What is the evidence that Trump matches up with this demographic of disaffected TWCM and for the reasons I note? Well, first there is the basic voting pattern data (see here and here). In short, at the aggregate polling level Trump is appealing to angry White men, who have lower than average socio-economic status. A second feature of Trump’s rise that lends credibility to this analysis is that his candidacy is not really driven by any clear ideology because, in fact, Trump is all over the ideological/political map. It is much better described as a cult of personality. That is, it is what Trump’s personality symbolizes that drives his current base.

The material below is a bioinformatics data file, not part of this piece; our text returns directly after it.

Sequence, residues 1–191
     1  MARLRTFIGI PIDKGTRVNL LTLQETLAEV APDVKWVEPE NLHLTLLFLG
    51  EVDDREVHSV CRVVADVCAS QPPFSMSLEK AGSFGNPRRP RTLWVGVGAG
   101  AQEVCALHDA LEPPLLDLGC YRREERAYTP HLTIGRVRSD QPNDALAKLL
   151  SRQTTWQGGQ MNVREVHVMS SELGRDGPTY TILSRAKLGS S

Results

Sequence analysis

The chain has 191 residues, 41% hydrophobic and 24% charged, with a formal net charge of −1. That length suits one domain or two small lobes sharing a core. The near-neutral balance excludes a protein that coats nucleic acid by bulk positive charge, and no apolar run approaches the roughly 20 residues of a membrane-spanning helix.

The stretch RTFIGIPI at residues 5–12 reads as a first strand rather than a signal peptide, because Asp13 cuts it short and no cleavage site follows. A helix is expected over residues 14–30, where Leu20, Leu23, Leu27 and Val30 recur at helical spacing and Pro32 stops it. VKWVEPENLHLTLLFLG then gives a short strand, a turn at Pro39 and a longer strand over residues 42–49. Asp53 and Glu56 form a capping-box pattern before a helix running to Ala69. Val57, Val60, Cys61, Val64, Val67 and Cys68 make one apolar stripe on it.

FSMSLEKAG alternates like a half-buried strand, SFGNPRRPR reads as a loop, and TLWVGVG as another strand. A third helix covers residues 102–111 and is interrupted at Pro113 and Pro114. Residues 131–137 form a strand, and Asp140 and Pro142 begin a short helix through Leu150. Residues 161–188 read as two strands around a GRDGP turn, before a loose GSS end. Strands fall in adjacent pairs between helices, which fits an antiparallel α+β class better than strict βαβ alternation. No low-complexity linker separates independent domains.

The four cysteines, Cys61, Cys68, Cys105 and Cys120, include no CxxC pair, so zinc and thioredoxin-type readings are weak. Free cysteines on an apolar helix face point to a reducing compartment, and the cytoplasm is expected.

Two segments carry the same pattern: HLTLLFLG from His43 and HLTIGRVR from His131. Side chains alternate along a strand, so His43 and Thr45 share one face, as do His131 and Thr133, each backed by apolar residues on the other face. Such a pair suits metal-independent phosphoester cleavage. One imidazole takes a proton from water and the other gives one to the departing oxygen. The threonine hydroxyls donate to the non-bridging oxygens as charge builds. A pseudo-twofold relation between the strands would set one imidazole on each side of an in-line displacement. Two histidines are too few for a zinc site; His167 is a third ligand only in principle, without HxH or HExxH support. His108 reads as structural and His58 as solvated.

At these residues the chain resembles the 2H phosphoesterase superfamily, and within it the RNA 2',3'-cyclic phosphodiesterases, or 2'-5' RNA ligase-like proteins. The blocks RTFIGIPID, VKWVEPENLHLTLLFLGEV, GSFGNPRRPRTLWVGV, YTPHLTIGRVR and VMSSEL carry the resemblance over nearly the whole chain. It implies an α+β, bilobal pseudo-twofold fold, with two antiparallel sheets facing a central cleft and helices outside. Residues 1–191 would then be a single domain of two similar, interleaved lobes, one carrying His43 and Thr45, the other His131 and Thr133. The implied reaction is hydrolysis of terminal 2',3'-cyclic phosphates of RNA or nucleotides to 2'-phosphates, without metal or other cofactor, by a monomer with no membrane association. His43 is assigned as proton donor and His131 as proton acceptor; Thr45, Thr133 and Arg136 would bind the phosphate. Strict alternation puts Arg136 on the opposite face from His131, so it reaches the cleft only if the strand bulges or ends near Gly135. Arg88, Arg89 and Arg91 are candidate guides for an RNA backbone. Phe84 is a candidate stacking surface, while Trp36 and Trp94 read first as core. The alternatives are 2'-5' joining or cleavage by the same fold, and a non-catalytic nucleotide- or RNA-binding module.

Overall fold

What, exactly, is it about his personality that is so appealing to some (while being so abhorrent to others)? His unabashed egoism and narcissism, coupled with his success. Trump unapologetically views the world through a performance hierarchy. In the real world (or at least what Trump says is the real world), you either get the job done or you don’t. His wealth and influence is evidence that he gets things done. Why is he a winner? Because he is better than everyone else. And his intellect, charm and grit are the reasons; others (i.e., the bimbos and losers out there) fail because they are weak and stupid. In short, Trump is completely and unapologetically defined by egotistical rankism. (See here for an analysis of why Trump's personal psychology may be so defined by power and salesmenship).